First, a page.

Features | Seniors: Grandma’s recipes

These recipes are from my grandma – they are apparantley SAF (Scottish As Fuck), as was my grandmother. They come from a book she made me a few years ago (before she died) when she found out I was into baking, and wanted to pass on the family wisdom. The second recipe is a little weird, but I figured it’s the sort of thing you only find in recipe books your grandmother made you. Her name was Eileen Clark, by the way.

Real Scottish Shortbread

• 2 cups flour (or a bit more)

• 1 cup butter

• 1/2 cup sugar

You put the flour and sugar in two little piles on a baking board and work (knead) the butter into the flour and sugar alternately, until the butter has absorbed them. If dough is too soft you can work in a bit of extra flour.

Roll the dough with your hands into one long roll.

Now cut the roll into about six slices (these will be quite thick).

On a floured board. with a rolling pin lightly floured, roll each slice into a round.

Now cut the round into six, or maybe eight, pieces (my grandma drew a little picture of, like, a pie-shaped thing here).

(Before you do this, you can make little thumb marks all round the circumference of the round, so that each piece will look like this (my grandma drew a little picture of a pie slice with three circles at the wide end here).

Lift the pieces on to a cookie sheet and prick every one with a fork.

Bake in a moderate oven, (about 300º F, I think), till golden brown.

The little triangular pieces of shortbread are called “petticoat tails!”

Lemon Curd (very Scottish!)

• 2 lemons

• 2 eggs

• 1/4 cup butter

• 1 cup sugar

Squeeze the lemons. Beat the eggs well.

Put all ingredients into top of a double boiler, over boiling water.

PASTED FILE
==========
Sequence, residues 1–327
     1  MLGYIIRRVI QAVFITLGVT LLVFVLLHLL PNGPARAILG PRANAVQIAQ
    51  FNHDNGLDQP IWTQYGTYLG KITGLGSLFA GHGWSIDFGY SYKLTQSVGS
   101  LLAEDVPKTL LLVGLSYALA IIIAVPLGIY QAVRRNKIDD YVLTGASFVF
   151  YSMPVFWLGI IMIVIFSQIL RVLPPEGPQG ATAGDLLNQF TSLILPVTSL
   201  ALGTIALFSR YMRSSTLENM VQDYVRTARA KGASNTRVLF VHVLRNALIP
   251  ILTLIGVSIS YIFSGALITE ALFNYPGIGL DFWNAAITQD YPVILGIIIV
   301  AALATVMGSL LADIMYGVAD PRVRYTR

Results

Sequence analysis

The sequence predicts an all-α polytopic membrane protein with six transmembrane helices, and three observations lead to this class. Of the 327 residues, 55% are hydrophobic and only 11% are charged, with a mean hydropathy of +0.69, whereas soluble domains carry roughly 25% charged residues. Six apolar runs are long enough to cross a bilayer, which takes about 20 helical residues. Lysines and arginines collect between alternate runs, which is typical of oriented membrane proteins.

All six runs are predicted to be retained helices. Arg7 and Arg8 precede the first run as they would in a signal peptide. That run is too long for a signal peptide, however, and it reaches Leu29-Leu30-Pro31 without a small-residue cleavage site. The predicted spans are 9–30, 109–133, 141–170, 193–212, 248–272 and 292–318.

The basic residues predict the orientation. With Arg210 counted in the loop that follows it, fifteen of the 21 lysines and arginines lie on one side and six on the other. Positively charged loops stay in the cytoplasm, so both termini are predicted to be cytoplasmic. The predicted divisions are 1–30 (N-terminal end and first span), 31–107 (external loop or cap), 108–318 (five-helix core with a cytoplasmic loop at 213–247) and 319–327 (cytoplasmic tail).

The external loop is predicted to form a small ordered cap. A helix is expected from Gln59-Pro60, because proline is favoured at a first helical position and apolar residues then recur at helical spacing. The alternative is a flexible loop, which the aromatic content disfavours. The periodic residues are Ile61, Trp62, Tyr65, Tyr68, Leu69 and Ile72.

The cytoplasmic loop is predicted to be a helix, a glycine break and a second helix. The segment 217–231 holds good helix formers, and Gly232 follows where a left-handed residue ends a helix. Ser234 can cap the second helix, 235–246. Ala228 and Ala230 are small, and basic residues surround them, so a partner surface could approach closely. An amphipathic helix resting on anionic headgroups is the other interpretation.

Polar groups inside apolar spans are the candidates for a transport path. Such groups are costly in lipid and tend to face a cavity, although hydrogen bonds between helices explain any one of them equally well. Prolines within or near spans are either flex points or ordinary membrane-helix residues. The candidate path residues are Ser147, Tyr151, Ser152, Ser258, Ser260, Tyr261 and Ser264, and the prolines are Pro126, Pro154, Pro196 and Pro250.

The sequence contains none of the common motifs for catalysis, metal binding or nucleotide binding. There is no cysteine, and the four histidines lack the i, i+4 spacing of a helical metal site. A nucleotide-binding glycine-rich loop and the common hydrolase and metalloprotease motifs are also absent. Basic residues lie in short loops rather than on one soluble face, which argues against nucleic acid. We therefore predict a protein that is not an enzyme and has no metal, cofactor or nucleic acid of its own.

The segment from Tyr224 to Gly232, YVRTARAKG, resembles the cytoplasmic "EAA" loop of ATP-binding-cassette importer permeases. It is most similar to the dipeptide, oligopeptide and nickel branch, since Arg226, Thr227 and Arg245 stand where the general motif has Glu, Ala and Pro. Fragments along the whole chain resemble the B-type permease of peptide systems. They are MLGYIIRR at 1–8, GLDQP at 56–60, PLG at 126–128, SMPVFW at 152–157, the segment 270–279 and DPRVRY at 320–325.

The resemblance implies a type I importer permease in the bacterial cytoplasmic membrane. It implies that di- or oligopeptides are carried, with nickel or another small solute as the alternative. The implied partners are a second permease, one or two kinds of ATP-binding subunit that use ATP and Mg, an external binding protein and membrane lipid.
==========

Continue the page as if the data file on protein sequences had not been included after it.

Stir constantly until cooked (mixture will thicken, and will coat a silver spoon). Do not let boil.

Cool slightly, then pour into a sterile glass jar (this has been boiled for at least 5 minutes – keep in hot water till needed).

Keep lemon curd in refrigerator. It makes a delicious spread.

– Ian Beattie

Shnenokle (Floating Island)

• 2 litres milk

• 5 eggs (whites and yolks separated)

• 1/2 cup sugar

• 2 tbsp. flour or corn starch

• 1 tbsp. vanilla extract

• chocolate (optional)

Mix egg whites in a bowl with an electric mixer until they become a solid, shiny mass.

Bring milk to a boil. Once boiling, bring to low heat.

Carefully drop large spoonfulls of the frothed egg whites to the hot milk. Let the “clouds” cook for 2 minutes each. Transfer the finished “clouds” into a clean bowl.

To make the sauce, add the five egg yolks to the sugar. Mix well. Add the two tablespoons flour and mix. Add 3 tablespoons of the hot milk in which the “clouds” have been cooking and mix some more.

Bring the left-over milk to a boil once more, and then reduce heat. Slowly add the egg yolk mixture and whisk.

Remove the mixture from the heat and allow to cool. Refrigerate until completely cold.

Transfer the cold sauce into individual serving dishes (preferably shallow bowls), then add the “clouds” to each. Re-refrigerate for at least 15 minutes before serving. Grating some chocolate over top is optional.

– Nadja Popovich


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